“Three nights and four days in the cars!”  Helen recalled in her book Bits of Travel at Home.  “These words haunted us and hindered our rest.  What should we eat and drink, and wherewithal should we be clothed?  No Scripture was strong enough to calm our anxious thoughts; no friend’s experience of comfort and ease on the journey sounded credible enough to disarm our fears.  ‘Dust is dust,’ said we, ‘and railroad is railroad.  All restaurant cooking in America is intolerable.  We shall be wretched; nevertheless, we go.’

“Our drawing-room?  Yes, our drawing-room; and this is the plan of it:  A small, square room, occupying the whole width of the car, excepting a narrow passageway on one side; four windows, two opening on this passageway and two opening out of doors; two doors, one opening into the car and one opening into a tiny closet, which held a washstand basin.  This closet had another door, opening into another drawing-room beyond.  No one but the occupants of the two drawing-rooms could have access to the bath-closet.  On one side of our drawing-room a long sofa; on the other two large arm-chairs, which could be wheeled so as to face the sofa.  Two shining spittoons and plenty of looking-glass, hooks high up on the sides, and silver-plated rods for curtains overhead, completed the list of furniture.  Room on the floor for bags and bundles and baskets; room, too, for a third chair, and a third chair we had for a part of the way, an easy-chair, with a sloping back, which belonged to another of these luxurious Pullman cars.”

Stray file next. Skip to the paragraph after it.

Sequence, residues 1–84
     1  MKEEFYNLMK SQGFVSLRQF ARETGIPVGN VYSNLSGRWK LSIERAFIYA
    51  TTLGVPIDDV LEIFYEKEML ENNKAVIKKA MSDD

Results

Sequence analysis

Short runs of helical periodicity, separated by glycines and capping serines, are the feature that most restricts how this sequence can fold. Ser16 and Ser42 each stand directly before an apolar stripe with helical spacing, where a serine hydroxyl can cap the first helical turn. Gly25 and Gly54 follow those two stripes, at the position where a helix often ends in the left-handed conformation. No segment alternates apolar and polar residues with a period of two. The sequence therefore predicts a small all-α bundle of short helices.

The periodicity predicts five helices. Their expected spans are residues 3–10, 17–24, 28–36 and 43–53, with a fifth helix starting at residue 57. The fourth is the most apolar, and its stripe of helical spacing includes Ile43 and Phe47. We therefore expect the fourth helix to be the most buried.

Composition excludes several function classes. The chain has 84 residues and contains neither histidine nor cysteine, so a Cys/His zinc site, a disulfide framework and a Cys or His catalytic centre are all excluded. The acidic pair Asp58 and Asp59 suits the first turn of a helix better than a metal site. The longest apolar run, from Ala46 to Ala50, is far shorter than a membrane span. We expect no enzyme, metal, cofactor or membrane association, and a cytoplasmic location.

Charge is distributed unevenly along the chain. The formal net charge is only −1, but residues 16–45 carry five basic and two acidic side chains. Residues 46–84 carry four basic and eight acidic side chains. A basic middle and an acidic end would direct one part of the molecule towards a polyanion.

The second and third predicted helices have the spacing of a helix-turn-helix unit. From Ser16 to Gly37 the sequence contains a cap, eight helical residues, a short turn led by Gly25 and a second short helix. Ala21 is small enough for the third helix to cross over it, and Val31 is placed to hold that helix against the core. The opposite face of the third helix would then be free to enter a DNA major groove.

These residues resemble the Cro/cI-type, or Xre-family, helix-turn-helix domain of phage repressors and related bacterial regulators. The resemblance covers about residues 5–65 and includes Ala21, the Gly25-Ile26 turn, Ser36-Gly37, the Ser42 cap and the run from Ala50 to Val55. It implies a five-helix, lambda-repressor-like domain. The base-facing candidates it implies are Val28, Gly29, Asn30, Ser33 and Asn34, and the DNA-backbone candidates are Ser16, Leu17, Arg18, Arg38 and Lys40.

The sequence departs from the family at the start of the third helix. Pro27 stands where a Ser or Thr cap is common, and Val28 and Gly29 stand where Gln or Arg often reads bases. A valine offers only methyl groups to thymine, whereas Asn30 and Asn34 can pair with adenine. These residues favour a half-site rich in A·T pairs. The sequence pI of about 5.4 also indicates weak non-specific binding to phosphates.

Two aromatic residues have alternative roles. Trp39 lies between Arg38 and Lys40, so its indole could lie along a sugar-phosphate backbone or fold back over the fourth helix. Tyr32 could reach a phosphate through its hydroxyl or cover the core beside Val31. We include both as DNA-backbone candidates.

As the trip progressed, Helen lost herself in the scenery and the enormity of the frontier.  “By hundreds of miles the rich prairie lands had unrolled themselves, smiled, and fled.  On the very edges of the crumbling, dusty banks of our track stood pink, and blue, and yellow flowers, undisturbed.  The homesteads in the distances looked like shining green fortresses, for nearly every house has a tree wall on two sides of it.  The trees looked like poplars, but we could not be sure.  Often we saw only the solid green square, the house being entirely concealed from view.  As we drew near the Mississippi River, soft, low hills came into view on each side; tangled skeins of little rivers, shaded by tall trees, wound and unwound themselves side by side with us.  A big bridge lay ready, on which we crossed; everybody standing on the platform of the cars, at their own risk, according to the explicit prohibition of the railroad company.  

“‘Make your beds now, ladies?’ said the chamberman…

 “‘Yes,’ we replied.  ‘That is just what we most desire to see.’